6. Betsy: Your last paragraph is a beautiful summation of my experiences with grief. I’m currently in the midst such a thing! Difficult relationships do make for complicated grieving. I think that this character and his mother had a complicated relationship–due to the factors you pointed out earlier, where the mother-son relationship acquires dimensions of a more spousal relationship–but I wonder to what degree things were made difficult by this. I’m left wondering about the overall facile nature of their relationship. Things seem to run down the mother’s back. She takes things in stride. I appreciated the scene where the mother unfurled blueprints, where she unfurled all of her dashed dreams and looked on them not with self-pity but a gleaming kind of anticipation. She appears to me very strong (I would have loved to see her actually elbows-deep in the restoration of that fireplace!) and very capable. It’s only in the son’s grief that she takes on this unvarnished, polished surface of perfection, almost like those stone angels you mark graves with. It’s the son who to me seems emotionally, physically neuter (Which very well could be a product of his emotional incapacitation). If their relationship was difficult, it seems that all of that has been forgiven now that she is dying. Which is a shame, because I think it might have lent a bit more tension to the story.

    As an interrogation of our relationship with grief, I think this story partially succeeds. It certainly sets the pieces up, and puts the characters through a wonderfully choreographed dance of courtship, courting both each other and death and still yet the courting of a life beyond death, but we never see that courtship come to fruition. We know that, given enough time, the mother will die, and the courtship between the son and the mother will end, at least physically. But the present isn’t where he keeps the true image of her alive anyway. In many ways, she only comes alive in his memory. That’s where she’s fully realized as a person, always in the echo, the ghost of herself. When he is with her in the present, she is diminished in some sense to nothing more than a beautiful husk with a voracious appetite. But in his memories, she is strong, capable, and sharp. However, in the story, he is also simultaneously courting a life without her. He is courting that far-near future where she’ll die, and he’ll sell the house, and move on, try to move on. But we don’t really glimpse that. Short stories take a moment in time, in existence. They function as snapshots, so I understand that the form constrains him to take a moment and draw from it as many parallels as he can. But still, he doesn’t tie things off neatly, I don’t think. I can’t help but to wonder what the conclusion is, though maybe that unresolved echo is just what he was after. The haunting, uncompleted call, where you aren’t sure if it was your name or something else. It’s that uncertainty, and that frustrated innate desire to complete the pattern that do create a kind of meta-tension here.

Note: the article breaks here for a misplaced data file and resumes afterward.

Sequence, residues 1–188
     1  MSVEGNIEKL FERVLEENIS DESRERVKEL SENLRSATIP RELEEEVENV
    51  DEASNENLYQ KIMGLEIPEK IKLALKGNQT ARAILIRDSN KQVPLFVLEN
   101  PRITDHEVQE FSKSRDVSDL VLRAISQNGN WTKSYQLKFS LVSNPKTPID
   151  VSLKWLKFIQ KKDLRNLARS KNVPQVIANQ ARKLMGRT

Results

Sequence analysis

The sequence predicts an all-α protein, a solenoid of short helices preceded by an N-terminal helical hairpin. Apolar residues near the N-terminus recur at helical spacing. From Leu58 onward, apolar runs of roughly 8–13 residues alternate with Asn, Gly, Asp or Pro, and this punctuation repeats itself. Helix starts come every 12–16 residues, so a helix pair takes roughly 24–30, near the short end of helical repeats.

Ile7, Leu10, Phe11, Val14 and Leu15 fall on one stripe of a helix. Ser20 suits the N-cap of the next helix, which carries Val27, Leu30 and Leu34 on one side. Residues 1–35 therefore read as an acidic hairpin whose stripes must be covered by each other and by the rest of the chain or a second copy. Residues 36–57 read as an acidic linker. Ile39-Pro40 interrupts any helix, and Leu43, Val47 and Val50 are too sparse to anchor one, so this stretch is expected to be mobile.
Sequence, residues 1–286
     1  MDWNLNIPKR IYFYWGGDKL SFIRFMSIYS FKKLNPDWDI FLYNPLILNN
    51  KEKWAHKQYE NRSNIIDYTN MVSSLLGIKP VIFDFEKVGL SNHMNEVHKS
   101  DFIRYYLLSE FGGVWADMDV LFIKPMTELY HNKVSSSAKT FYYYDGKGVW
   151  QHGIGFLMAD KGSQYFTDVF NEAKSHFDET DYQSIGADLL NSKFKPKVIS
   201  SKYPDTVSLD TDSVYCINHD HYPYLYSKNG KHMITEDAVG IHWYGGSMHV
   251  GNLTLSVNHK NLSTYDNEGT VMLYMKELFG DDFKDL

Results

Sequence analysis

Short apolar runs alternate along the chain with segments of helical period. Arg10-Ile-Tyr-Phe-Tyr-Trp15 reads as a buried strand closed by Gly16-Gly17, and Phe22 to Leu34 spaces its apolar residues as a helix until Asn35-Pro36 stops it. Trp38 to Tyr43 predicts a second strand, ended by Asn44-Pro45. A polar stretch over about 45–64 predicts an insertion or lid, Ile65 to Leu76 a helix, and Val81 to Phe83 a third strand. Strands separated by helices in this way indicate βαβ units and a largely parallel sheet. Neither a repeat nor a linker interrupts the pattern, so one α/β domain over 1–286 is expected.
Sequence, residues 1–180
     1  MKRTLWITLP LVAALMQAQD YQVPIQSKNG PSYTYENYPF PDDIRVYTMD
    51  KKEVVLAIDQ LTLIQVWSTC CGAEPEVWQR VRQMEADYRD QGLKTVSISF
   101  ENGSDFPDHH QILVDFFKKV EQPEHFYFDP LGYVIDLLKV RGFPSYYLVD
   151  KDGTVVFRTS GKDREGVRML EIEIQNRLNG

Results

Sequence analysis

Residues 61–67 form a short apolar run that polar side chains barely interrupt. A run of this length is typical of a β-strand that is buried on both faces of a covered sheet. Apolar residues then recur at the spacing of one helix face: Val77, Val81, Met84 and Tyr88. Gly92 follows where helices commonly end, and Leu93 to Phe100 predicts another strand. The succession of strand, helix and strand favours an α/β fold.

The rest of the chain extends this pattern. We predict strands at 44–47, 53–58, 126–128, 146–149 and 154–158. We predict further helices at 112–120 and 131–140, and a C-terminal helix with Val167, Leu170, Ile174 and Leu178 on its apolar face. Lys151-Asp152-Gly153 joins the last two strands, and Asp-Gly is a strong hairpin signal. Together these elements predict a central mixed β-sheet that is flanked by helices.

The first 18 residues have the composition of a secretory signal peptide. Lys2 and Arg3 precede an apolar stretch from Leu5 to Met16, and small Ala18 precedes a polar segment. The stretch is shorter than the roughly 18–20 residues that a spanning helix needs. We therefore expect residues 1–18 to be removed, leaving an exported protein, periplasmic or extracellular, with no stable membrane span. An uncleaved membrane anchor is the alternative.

I would certainly read a longer work with this as a nucleus. I’m curious about how this gets resolved, haha. Thank you for those recommendations! I’ll add them to my TBR list immediately. Also, thank you for the wonderful discussion. It has certainly given me many more insights into this story!

  7. Betsy Pelz says:

    It’s important that we acknowledge that Said Sayrafiezadeh’s mother died suddenly, not long ago, in a somewhat similar fashion.

    He talks about this here (http://www.newyorker.com/books/page-turner/week-fiction-sad-sayrafiezadeh).

    We all mourn in our own ways. If we know the death is coming, we all mourn the coming death in our own ways.

    Death is such a violent event that quietness is, for some of us, a heroic response.

  8. Roger says:

    I, too, am of the view that this story was well-written at the technical level but didn’t do much dramatically. I’m not unsentimental enough to have been completely unmoved by it. And the page does come to life when the narrator goes on the tour of the assisted living facility. But otherwise, this struck me as stagnant and more or less formulaic.

    A big part of the problem is that the plot, or situation, is so commonly found in literary fiction, including in the New Yorker, and including in the recent story “Apple Cake,” as Betsy points out. Indeed, it’s found ad nauseum in genre writing, movies, and television. When a writer writes a story about a family member dying, he is writing into a very large and crowded context. I don’t think this story does much to distinguish itself from the countless others it crowds in among. The mother’s relative youth and beauty are novel elements, but to what end?